Anden i lampan : etnologiska perspektiv på ljus och mörker

Detta är en avhandling från Stockholm : Carlsson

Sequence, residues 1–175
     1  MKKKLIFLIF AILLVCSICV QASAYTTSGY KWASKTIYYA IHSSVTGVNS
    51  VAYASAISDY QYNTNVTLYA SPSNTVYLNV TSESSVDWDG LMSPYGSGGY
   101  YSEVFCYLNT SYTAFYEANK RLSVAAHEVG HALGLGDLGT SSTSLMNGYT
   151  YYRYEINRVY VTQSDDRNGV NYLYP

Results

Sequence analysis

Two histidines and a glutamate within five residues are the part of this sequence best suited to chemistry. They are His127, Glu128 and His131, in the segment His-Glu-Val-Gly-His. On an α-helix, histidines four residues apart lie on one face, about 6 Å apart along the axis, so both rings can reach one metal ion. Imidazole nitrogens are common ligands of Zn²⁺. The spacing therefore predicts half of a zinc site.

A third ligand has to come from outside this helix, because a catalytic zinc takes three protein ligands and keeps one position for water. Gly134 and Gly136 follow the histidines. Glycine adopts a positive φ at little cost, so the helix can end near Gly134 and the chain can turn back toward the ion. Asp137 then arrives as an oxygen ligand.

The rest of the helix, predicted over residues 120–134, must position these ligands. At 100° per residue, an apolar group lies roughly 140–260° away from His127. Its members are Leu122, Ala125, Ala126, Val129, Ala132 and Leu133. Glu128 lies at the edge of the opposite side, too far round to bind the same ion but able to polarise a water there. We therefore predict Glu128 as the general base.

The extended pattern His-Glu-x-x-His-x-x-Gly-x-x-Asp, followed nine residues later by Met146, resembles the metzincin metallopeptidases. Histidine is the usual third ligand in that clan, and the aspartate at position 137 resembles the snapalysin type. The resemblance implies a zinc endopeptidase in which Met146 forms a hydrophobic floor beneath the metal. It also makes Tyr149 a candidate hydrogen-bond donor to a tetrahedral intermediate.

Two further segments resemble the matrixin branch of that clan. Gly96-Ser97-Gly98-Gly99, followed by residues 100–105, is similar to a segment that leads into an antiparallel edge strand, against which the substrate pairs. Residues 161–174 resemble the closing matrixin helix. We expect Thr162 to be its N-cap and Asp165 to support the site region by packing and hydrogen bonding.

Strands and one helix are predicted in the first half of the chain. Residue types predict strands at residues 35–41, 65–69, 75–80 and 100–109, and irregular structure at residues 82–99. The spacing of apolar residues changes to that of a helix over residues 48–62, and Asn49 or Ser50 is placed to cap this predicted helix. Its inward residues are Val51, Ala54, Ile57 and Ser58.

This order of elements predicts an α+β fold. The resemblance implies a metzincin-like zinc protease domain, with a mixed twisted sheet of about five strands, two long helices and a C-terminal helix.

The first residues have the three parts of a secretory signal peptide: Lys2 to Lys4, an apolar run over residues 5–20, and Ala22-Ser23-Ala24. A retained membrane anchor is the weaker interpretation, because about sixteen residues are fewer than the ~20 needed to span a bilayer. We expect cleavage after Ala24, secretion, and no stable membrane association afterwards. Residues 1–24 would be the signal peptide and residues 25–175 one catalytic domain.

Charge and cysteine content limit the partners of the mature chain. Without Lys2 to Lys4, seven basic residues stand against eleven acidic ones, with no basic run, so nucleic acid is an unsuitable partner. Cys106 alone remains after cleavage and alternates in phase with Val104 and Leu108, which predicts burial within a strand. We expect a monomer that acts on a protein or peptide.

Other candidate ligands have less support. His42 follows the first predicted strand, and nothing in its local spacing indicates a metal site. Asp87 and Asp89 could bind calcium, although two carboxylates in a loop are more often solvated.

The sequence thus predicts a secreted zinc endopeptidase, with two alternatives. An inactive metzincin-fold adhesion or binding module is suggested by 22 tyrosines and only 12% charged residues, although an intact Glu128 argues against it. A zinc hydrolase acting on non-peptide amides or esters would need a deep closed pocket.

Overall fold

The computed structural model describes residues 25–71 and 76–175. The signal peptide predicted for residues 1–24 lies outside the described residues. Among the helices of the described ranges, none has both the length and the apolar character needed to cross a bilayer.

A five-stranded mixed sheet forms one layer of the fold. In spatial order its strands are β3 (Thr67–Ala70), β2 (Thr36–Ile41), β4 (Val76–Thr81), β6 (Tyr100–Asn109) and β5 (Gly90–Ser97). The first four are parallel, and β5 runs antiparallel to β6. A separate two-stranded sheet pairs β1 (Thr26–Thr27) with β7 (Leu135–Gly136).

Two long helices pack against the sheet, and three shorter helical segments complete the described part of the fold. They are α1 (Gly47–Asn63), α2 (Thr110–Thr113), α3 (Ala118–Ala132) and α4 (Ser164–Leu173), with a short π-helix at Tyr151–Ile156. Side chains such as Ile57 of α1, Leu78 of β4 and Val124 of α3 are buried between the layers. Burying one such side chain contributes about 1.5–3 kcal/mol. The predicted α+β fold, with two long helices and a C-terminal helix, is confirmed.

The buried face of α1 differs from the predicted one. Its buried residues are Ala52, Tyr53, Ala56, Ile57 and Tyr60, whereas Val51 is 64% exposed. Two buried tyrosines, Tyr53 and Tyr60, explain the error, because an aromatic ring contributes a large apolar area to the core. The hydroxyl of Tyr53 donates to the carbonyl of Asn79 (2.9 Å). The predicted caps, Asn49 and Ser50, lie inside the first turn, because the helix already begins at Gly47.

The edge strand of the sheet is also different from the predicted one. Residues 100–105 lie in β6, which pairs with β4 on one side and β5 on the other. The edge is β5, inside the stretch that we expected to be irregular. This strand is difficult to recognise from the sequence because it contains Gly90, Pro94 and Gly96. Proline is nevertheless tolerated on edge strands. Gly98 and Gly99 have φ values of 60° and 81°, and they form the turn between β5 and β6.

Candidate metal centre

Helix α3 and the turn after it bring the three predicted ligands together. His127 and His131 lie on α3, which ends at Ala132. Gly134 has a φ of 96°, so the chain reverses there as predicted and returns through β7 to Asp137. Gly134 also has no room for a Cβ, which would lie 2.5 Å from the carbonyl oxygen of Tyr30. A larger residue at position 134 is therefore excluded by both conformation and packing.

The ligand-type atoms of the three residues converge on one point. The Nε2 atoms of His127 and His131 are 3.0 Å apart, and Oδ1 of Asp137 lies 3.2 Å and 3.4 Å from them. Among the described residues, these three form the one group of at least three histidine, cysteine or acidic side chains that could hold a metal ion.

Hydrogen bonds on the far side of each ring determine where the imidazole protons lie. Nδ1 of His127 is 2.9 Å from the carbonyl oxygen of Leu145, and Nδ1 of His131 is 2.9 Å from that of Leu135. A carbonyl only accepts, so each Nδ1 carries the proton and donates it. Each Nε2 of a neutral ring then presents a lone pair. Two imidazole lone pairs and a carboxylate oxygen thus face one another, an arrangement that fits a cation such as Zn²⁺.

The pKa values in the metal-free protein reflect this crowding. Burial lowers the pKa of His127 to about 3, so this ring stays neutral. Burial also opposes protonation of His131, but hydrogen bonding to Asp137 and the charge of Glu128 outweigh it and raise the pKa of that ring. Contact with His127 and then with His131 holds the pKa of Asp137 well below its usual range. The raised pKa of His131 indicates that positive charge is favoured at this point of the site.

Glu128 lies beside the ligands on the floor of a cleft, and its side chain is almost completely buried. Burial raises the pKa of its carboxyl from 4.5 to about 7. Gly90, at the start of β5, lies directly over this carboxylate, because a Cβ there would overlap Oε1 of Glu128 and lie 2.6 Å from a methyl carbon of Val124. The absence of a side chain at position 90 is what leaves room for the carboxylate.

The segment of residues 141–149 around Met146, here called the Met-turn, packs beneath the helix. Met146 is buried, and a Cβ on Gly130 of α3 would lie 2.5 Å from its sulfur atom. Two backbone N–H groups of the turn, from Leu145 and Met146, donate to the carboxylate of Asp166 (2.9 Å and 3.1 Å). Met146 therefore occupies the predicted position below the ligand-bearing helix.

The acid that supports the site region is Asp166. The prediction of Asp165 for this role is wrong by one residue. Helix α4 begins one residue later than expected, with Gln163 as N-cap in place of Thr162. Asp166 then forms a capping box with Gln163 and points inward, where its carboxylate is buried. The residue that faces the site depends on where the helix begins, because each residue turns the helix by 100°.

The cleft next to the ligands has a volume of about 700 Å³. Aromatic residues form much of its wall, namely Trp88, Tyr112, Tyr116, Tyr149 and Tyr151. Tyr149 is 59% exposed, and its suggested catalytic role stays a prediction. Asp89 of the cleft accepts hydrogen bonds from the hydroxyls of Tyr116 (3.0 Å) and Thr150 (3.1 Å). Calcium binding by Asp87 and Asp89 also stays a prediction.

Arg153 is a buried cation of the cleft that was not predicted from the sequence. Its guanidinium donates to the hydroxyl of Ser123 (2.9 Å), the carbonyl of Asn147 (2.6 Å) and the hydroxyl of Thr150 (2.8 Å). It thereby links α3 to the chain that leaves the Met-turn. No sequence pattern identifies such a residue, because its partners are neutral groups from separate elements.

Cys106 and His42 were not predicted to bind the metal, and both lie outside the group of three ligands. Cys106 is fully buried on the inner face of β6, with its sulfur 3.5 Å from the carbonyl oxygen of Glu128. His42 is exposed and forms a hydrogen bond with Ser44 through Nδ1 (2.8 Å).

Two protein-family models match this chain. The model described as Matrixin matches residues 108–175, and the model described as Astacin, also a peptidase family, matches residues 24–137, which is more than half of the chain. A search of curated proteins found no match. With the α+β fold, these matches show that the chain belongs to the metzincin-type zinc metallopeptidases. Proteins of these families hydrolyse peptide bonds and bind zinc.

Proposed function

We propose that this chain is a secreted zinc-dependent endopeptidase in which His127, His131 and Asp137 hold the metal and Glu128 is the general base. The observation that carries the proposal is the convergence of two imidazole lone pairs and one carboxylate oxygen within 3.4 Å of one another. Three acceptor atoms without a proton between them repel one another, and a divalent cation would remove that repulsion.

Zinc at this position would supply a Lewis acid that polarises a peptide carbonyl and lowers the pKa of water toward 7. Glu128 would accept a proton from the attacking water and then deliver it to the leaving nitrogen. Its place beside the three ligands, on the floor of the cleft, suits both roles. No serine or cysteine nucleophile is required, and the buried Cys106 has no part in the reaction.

Sammanfattning: A tallow candle gives different illumination and has other qualities than a modern halogen lamp. But in what ways have women and men changed their conceptual worlds, lifestyles and habits as a result of switching from tallow candles to kerosene lamps and then to electric light?In The Genie of the Lamp I trace and describe the link between lighting as a context and cultural processes, in particular the way people in different times, in different kinds of society, and in different social groups have related to and organized time and space.Before electric light, caution and thrift was the rule whenever lighting was used. As a consequence usually only one light was used, lighted lamps or candles were not left unattended, and empty rooms were thus dark rooms. After twilight the space that people clearly saw would shrink to become the little circle illuminated by a flame. This meant that people moved in a daytime world and a night-time world, where light and darkness set boundaries for the things they could do. I call this the mutability of space.For an ethnologist, the only truly significant long-term change in the history of lighting came with electricity. This I show in my discussion of the Goddess of Light, old similes and metaphors associated with light and dark, lighting as a class issue, perceptions of time, new rhythms in our ways of living, and light as a physiological phenomenon.The Genie of the Lamp primarily concerns Sweden, from the eighteenth century until the middle of the twentieth century. It is a study of the history of technology where illumination is discussed primarily as a dynamic force which initiates cultural and social processes.